A universally accepted poverty line…

The one-dollar-a-day measure helps measure the number of people who earn less than one dollar a day.

…does not exist

So says the United Nations.

One needs to be careful while making assertions (via Desipundit). The one-dollar-a-day measure just measures the number of people who earn less than one US dollar a day.

Gujarat has found a simple way of showing a decline in poverty figures. It has redefined poverty lines for both rural and urban areas. So you would be counted as poor in a Gujarat town if you earn Rs 541.16 a month ($0.45 a day) or less. In a Gujarat village, the figure is even lower — Rs 353.93 a month or 30 cents a day. Most of the other states, including the poor ones like Jharkhand, keep the poverty net wider. The internationally accepted figure is a dollar a day. This removes large numbers from the BPL list and prevents them from receiving the benefits of poverty alleviation and development programmes. [Shivam Vij/Tehelka]

There is nothing irregular about different figures for rural and urban poverty—all Indian states follow this practice. Also, according to the Planning Commission’s report dated March 2007, the equivalent national figures determining the poverty line are Rs356.30 per month (rural) and Rs538.60 per month (urban). That too is below the ‘internationally accepted figure’. Shivam does not tell his readers that no state in India follows the ‘internationally accepted figure’.

In addition to the academic & policy debate over the right place to draw the poverty line, there are political considerations. The latter lead to some interesting results—like 91% of families in Karnataka declaring themselves below poverty line.

Update: BOK discovers that “Poverty Lines for States are set by the Planning Commission and not by the States”. And Mint has a report on (the confusing) poverty lines.

15 thoughts on “A universally accepted poverty line…”

  1. Using the market exchange rate of the dollar for such computations is not only funny but also fakery. I am sure the picture would be much better if you consider purchasing power parity of the rupee.

  2. Apparently we suddenly have an economist in a socialist?

    Sriram, with the falling dollar, rupee can actually buy more, if one wanted to use international standard.

    Also, official measure of inflation are different for villages and cities. Economies of the two lives are simply different.

  3. Good thing you called this one out. Such stupidity needs to be pointed out.

    BTW, can someone throw some light on this “internationally accepted” figure of $1/day? How was it arrived at? It looks good in print.. but what does it mean?

    Poverty is about lack of purchasing power. But the power to purchase what? Obviously, the basic necessities of life. So I can understand if one were to criticize the Government of India (and/or the State Governments) for the ridiculously low figure of Rs. 10/day or so. But having another equally arbitrary figure of Rs. 44 (oops.. 42 now.. oops 40 now.. oops 38 now) doesn’t make much sense to me.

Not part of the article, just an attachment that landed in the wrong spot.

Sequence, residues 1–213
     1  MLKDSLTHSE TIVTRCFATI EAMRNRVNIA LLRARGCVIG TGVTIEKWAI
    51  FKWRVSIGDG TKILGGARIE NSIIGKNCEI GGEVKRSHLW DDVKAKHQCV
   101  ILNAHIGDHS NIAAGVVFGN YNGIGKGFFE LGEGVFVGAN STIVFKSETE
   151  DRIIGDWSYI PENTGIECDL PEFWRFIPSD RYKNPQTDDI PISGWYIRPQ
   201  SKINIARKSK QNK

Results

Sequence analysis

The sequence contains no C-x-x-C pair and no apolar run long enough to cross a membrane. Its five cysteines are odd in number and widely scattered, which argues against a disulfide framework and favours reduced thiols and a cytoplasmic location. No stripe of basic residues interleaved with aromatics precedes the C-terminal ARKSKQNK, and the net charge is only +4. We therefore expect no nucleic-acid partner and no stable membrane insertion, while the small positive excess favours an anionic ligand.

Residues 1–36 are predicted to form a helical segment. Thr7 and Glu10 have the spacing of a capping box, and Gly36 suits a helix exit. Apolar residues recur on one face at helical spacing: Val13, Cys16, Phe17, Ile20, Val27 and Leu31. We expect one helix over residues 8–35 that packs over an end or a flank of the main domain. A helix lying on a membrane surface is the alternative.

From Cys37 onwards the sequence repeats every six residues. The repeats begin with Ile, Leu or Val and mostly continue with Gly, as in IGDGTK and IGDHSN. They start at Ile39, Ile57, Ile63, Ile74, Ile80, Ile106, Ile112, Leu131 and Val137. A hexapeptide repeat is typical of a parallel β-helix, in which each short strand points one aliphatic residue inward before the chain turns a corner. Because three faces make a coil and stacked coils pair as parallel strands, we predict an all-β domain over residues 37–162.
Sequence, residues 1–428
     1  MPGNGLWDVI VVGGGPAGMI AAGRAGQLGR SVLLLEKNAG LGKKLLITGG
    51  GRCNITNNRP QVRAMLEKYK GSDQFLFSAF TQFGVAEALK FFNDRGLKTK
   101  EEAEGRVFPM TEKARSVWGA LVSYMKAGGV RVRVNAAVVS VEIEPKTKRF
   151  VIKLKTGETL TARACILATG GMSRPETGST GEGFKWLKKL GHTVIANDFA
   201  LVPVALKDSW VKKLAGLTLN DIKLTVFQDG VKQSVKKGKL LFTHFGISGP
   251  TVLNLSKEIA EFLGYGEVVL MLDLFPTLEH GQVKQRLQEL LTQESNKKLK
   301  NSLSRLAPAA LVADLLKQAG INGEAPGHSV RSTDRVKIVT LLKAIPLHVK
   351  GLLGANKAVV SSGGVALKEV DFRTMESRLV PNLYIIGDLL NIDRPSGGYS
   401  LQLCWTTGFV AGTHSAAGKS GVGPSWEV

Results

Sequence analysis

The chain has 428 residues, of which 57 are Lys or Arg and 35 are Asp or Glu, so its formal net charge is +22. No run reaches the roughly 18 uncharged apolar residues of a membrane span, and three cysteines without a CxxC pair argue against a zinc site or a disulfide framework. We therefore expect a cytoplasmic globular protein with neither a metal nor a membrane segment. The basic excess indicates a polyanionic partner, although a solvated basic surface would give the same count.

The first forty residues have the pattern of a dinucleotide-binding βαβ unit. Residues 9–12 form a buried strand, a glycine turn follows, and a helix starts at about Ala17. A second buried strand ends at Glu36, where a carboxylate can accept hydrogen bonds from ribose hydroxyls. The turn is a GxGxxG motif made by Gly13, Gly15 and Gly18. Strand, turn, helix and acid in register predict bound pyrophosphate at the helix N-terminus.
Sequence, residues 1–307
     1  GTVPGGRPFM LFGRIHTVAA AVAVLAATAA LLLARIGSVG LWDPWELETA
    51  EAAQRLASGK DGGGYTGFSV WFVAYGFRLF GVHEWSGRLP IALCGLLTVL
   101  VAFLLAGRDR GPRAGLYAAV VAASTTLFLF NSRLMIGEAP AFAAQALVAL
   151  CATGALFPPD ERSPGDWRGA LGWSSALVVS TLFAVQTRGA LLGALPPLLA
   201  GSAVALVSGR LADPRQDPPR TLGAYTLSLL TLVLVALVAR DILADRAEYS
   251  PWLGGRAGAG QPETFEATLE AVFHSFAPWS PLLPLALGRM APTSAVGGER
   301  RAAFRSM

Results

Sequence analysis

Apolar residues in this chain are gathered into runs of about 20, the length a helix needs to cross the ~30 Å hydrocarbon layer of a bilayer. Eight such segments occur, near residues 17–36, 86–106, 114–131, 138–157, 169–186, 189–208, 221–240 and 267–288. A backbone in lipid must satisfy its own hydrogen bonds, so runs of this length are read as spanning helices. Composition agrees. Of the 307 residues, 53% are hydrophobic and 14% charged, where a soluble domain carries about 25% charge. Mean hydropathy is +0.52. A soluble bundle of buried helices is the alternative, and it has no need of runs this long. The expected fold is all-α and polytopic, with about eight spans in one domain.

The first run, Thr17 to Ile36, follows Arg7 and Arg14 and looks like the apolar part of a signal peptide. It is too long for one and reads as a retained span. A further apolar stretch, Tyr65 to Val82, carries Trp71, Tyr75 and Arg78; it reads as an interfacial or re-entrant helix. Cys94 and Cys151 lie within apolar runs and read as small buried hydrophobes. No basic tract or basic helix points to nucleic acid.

4. BOK,

    You should read this paper by Banerjee and Dufflo. It starts off this way:

    In what turned out to be a rhetorical master-move, the 1990 World Development Report from the World Bank defined the “extremely poor” people of the world as those who are currently living on no more than $1 per day per person, measured at the 1985 purchasing power parity (PPP) exchange rate.1 Even though there have always been poverty lines indeed one dollar per day was chosen in part because of its proximity to the poverty lines used by many poor countries2this particular one has come to dominate the conversations about poverty in a particularly stark way.

    2 For example, the “All India Rural” poverty line used by the Indian Planning Commission was Rs 328 per person per month, or $32 in PPP dollars in 1999/2000. [Banerjee & Dufflo/ MIT]

  5. Chandra & Sriram,

    The dollar a day line is adjusted for purchasing power parity when it is compiled. It means that the person’s spending power in local currency is the same as the spending power of a person who earns US$1 in the US. I don’t think it captures current exchange rates though.

    That’s another problem with the measure: the PPP bit gets lost in the popular debate. I’m not sure what the PPP adjusted rate in India is, but it’s certainly not as high as Rs40 per US. It’s probably closer to Rs15/dollar.

  6. Nitin, the PPP rate to market exchange rate is close to 4 to 1 – $850bil in 2006 translates to $4+tri in PPP (Link).

    You right about PPP, of course, for official calculation of poverty rates by international orgs. But that’s not what these newly minted economists use to get their muddled point across.

  7. Nitin,

    Thanks for that paper.

    I did some searches as well, and this thing came up:

    It turns out that Poverty Lines for States are set by the Planning Commission and not by the States.

    The Planning Commission has been estimating the incidence of poverty at national and state level using the methodology contained in the report of the Expert Group on Estimation of Proportion and Number of Poor (Lakdawala Committee) and applying it to consumption expenditure data from the large sample surveys on consumer expenditure, conducted periodically by the National Sample Survey Organisation (NSSO).

    The article has data pertaining to 1999-2000, and the historical data can be seen at:

    I don’t think Mr. Vij was interested in fact-finding at all.

    But I don’t want to question his motives, because that is the politically incorrect thing to do these days, so I’ll just put a big question mark on his competence and journalistic integrity.

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